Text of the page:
BACKGROUND: Hemorrhagic shock (HS) is the major leading cause of death after trauma. Up to 50% of early deaths are due to massive hemorrhage. Excessive release of pro-inflammatory cytokine and hypercatecholamine induces hematopoietic progenitor cells (HPCs) apoptosis, leading to multiorgan failure and death. However, still, result remains elusive for hematopoietic stem cells (HSCs) behavior in trauma HS (T/HS). OBJECTIVES: Therefore, our aim was to evaluate the in vitro HSCs behavior with or without recombinant human erythropoietin (rhEPO), recombinant human granulocyte macrophage-colony-stimulating factor (rhGM-CSF), recombinant human interleukin-3 (rhIL-3) alone, and combination with rhEPO + rhGM-CSF + rhIL-3 (EG3) in T/HS patients...
July 2016: International Journal of Critical Illness and Injury Science
Ana R Inácio, Azat Nasretdinov, Julia Lebedeva, Roustem Khazipov
Early stages of sensorimotor system development in mammals are characterized by the occurrence of spontaneous movements. Whether and how these movements support correlated activity in developing sensorimotor spinal cord circuits remains unknown. Here we show highly correlated activity in sensory and motor zones in the spinal cord of neonatal rats in vivo. Both during twitches and complex movements, movement-generating bursts in motor zones are followed by bursts in sensory zones. Deafferentation does not affect activity in motor zones and movements, but profoundly suppresses activity bursts in sensory laminae and results in sensorimotor uncoupling, implying a primary role of sensory feedback in sensorimotor synchronization...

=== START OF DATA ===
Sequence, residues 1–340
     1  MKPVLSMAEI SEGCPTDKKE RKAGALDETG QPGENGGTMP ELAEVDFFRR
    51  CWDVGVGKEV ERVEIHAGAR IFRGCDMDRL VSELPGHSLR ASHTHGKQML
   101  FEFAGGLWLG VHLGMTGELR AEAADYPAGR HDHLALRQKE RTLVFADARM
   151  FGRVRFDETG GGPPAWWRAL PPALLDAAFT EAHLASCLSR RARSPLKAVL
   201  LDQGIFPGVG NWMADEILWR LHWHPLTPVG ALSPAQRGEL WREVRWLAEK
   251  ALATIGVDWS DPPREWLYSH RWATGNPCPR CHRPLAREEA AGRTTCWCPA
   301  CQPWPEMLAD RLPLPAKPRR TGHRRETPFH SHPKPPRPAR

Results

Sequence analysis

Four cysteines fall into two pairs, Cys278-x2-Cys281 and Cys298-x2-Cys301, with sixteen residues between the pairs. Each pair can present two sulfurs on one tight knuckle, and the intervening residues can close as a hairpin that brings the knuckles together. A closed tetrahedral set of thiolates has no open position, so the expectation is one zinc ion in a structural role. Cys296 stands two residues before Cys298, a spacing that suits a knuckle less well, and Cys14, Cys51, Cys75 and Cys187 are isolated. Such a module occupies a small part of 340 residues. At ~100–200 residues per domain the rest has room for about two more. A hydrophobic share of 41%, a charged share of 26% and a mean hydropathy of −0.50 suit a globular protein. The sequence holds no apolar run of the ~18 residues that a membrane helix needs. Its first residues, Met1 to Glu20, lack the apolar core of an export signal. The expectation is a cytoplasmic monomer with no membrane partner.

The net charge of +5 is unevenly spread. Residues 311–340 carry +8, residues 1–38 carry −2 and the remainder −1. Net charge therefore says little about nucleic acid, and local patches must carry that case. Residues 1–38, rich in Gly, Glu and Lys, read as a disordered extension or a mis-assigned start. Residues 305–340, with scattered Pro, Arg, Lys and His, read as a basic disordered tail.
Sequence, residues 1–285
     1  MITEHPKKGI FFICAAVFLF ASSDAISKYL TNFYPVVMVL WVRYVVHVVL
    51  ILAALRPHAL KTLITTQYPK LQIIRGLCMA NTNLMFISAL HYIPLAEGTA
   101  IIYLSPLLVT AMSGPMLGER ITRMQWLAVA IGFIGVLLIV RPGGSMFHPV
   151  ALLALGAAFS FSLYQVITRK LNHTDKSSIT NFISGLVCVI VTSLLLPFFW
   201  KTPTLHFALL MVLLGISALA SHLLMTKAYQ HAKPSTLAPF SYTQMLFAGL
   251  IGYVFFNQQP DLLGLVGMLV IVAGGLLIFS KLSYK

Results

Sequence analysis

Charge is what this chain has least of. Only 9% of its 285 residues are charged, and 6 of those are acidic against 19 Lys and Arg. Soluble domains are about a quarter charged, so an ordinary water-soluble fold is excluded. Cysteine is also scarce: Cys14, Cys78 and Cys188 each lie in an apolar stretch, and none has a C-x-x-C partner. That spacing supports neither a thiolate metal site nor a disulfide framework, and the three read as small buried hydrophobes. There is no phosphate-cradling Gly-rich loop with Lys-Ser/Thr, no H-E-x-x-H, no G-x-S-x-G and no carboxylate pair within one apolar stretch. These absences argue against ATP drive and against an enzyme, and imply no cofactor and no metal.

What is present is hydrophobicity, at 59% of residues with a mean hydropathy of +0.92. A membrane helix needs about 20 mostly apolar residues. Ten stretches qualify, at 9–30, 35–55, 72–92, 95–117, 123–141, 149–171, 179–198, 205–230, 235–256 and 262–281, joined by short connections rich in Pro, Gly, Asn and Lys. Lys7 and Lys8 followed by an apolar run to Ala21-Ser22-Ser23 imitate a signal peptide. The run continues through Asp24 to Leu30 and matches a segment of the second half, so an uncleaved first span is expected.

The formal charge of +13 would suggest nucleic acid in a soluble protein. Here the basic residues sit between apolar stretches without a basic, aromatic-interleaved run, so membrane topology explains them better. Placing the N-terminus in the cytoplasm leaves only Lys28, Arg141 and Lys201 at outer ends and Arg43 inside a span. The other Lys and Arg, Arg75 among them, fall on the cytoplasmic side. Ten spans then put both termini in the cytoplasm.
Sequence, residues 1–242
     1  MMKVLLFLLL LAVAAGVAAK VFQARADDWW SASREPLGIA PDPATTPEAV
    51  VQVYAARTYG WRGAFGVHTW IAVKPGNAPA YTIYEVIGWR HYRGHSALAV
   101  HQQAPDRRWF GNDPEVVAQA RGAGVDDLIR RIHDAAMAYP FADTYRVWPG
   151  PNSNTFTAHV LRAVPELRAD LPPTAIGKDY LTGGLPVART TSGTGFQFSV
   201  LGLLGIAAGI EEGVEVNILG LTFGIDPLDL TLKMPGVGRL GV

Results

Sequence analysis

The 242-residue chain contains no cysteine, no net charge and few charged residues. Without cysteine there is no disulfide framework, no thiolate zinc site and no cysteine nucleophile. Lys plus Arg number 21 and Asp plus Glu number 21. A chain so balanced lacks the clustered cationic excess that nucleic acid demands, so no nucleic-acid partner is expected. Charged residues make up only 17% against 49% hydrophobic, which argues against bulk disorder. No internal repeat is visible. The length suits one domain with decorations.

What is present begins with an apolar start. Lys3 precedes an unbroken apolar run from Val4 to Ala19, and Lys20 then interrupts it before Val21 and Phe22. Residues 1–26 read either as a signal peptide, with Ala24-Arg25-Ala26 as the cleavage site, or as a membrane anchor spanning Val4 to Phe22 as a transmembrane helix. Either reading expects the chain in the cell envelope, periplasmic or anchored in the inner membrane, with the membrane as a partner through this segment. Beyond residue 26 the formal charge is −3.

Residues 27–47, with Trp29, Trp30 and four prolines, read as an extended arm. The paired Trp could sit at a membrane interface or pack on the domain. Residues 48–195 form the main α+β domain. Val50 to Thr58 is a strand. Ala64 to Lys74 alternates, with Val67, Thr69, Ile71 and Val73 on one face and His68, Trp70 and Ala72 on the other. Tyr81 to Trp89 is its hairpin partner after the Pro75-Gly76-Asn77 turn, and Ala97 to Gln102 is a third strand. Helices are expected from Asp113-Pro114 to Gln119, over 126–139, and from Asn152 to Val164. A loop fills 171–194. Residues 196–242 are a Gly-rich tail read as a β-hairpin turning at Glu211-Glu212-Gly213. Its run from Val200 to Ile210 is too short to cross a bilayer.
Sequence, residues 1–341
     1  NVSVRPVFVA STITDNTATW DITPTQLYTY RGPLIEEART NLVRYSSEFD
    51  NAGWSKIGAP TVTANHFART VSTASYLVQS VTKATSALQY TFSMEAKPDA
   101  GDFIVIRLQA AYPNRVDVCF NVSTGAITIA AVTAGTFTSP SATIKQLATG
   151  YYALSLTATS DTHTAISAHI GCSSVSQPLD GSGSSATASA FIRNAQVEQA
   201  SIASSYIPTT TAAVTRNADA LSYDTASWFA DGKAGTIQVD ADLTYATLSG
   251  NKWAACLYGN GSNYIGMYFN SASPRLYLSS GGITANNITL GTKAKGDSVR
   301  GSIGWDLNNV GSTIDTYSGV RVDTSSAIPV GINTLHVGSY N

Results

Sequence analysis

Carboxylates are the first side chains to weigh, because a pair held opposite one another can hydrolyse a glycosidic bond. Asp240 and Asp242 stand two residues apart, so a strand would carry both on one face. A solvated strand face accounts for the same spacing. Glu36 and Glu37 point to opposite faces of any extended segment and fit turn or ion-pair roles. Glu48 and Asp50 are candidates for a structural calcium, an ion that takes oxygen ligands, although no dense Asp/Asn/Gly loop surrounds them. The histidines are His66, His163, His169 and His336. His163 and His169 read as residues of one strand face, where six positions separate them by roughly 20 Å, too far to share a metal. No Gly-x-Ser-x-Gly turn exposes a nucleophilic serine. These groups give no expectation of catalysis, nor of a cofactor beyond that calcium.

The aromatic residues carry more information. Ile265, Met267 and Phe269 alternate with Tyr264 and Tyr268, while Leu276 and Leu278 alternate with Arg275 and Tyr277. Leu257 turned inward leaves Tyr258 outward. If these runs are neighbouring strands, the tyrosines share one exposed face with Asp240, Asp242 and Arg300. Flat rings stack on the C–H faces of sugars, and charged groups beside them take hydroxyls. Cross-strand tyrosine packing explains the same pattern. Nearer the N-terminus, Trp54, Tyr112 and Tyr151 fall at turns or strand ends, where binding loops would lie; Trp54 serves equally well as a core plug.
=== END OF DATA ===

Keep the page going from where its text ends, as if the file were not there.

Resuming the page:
October 7, 2016: Nature Communications
Satoshi Fukunaga, Miho Sogame, Masaki Hata, Suthitar Singkaravanit-Ogawa, Mariola Piślewska-Bednarek, Mariko Onozawa-Komori, Takumi Nishiuchi, Kei Hiruma, Hiromasa Saitoh, Ryohei Terauchi, Saeko Kitakura, Yoshihiro Inoue, Paweł Bednarek, Paul Schulze-Lefert, Yoshitaka Takano